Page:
In this article we are going to look at Windows 10 Spyware..? No but It Wants User Data!
People are used to talking about how Facebook and Google use our own personal data. But Microsoft Windows has long been an island of disconnect from the Internet economy, for better or worse. It was simply an operating system for running the software we use that is made by other companies.
But now, Microsofts latest operating system “Windows 10” goes further than any past computer operating system to incorporate the Internet, allowing people to do things like talk to the virtual assistant Cortana, store data in the cloud, sign in and connect quickly to Wi-Fi networks, and stay protected from new online-threats. But these capabilities also mean Microsoft has never been more interested in collecting—and building businesses around—peoples personal data.
But let me be crystal clear: Microsoft made the Windows 10 operating system a free upgrade because it has the overall goal of making money from Internet services, online ads, applications and online games that run on it. Microsoft’s financial unit call this new business model “customer lifetime value”—they do not want to make money just when you buy a new computer, but on an ongoing basis as a reoccurring business model. Microsoft made $3.6 billion from search engine advertising alone last year. They are not selling our information, but they are certainly making use from it.
“Any information you share with Microsoft is at our discretion, we will not collect information without the owners permission,”. a Microsoft spokes person says!
That is good to hear, but many of the Microsoft data collection systems are turned on by default!. Opting out requires knowing where to look, and disabling some of the features in Windows 10. (The video below will show you what to disable)
What We Can Do About It!
The most active data collector is the virtual assistant Cortana, She tracks your internet searches and also looks through your emails to learn your tastes and schedule. Much of this is information is stored in an editable Notebook, available through Cortana when you click on the button with a square and circle icon. Information is also stored by the Microsoft Bing search engine, whose memory you can clear by tapping Settings, then “Manage what Cortana knows about me in the cloud” or by going to bing.com/account/personalization.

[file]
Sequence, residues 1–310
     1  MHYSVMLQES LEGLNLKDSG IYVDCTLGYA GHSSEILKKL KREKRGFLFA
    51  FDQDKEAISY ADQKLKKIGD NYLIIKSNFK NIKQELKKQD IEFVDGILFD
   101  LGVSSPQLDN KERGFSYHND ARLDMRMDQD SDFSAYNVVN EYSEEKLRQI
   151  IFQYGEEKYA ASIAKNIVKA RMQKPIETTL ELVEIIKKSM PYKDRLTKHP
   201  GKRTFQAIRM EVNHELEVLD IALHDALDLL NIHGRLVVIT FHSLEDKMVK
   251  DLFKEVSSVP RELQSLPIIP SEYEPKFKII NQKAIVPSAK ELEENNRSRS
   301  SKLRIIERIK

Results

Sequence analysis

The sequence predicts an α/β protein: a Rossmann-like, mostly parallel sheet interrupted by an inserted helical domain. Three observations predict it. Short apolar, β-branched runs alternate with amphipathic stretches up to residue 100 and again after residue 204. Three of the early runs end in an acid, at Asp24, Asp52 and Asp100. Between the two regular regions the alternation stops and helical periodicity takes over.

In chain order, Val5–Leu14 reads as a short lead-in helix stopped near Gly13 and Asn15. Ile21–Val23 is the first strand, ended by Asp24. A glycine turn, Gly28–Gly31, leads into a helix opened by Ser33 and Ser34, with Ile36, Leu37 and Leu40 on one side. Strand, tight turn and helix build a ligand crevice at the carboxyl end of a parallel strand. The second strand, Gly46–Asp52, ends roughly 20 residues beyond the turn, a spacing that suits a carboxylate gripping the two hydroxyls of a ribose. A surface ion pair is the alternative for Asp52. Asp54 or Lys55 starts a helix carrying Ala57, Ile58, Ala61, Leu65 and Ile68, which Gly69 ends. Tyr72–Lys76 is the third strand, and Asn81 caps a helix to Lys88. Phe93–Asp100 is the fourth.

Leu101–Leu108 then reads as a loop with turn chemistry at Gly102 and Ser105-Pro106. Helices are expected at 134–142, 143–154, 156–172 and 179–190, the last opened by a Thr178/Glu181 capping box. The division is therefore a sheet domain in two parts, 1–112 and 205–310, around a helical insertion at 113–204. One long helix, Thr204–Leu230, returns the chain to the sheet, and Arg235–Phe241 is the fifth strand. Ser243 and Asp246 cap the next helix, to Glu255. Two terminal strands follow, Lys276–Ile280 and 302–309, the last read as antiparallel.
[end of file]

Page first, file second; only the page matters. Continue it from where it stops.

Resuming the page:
Microsoft says that it will protect the data Cortana collects about us using “a variety of security technologies and procedures” including encrypting it while in route to Microsoft computers. But the company may share some of your data if it is asked to by law enforcement or government agencies.
Click the circle / square icon to get to Cortana’s settings.
If you do not want Microsoft snooping your personal life, you can choose not to link Windows 10 to a Microsoft account. (During setup, when you’re asked for your Microsoft login, instead look for “Create a new account” and “Sign in without a Microsoft account.”) The Windows 10 search bar will still work, but Cortana won’t be around to help without a Microsoft account. Updates to Windows and Defender, the built-in antivirus, will still come through.
Even if you don’t log in to Windows with a Microsoft account, Windows 10 may collect data in numerous other ways. In particular, the new Edge browser defaults to Microsoft’s Bing search engine, which tracks some activity (anonymously, if you’re not logged in) and attempts to serve personalized ads. You can opt out of the ad tracking by going to choice.microsoft.com. Edge also does page prediction, which pre-loads your likely next click. You can turn that off in Edge’s settings.
Microsoft put a host of other privacy controls in the Windows Settings menu, including Microsoft’s ability to receive and share data about your computer’s unique ID, location, microphone, camera, even how you write and type. All of these are turned on if you use the “express” setup in Windows 10. You must manually turn off anything you aren’t comfortable with, and in the Settings menu you can also limit the specific applications that have access to those capabilities.
Confused yet? Sites such as fix10.isleaked.com have collected a helpful gallery of all the privacy controls you can adjust.
About That Wi-Fi Password Sharing Tool
There has also been some concern about a Windows 10 feature called Wi-Fi Sense that’s supposed to make it more convenient to join Wi-Fi networks by letting you share passwords with friends. This isn’t necessarily a problem, but you should understand what’s going on.
When you log in to a new Wi-Fi network with Windows 10, it lets you check a box to share the ability to log in with your Outlook.com, Facebook and Skype contacts. When you do that, the password gets stored on an encrypted Microsoft server, where it’s handed off to friends who need it when they’re nearby. Your friends don’t see the passwords—they just get the ability to log in automatically when they are physically nearby. You can stop sharing any particular network inside the Windows Wi-Fi settings.
Windows 10 privacy settings
If you don’t want anybody to be able to store and share the password of your own home network, type it into your friends’ computers yourself and turn off the share checkbox. You can also completely avoid Wi-Fi Sense sharing by adding “_optout” to your network’s name.
No doubt, Windows 10 is a new approach for Microsoft. And like anything else “free” on the Web, it puts the responsibility for vigilance squarely on us. We all need to decide how much we allow our data to become part of the product, and what we get in exchange.
Windows 10 How To Stop It Spying On You & Logging Your Activity | Step By Step Video Guide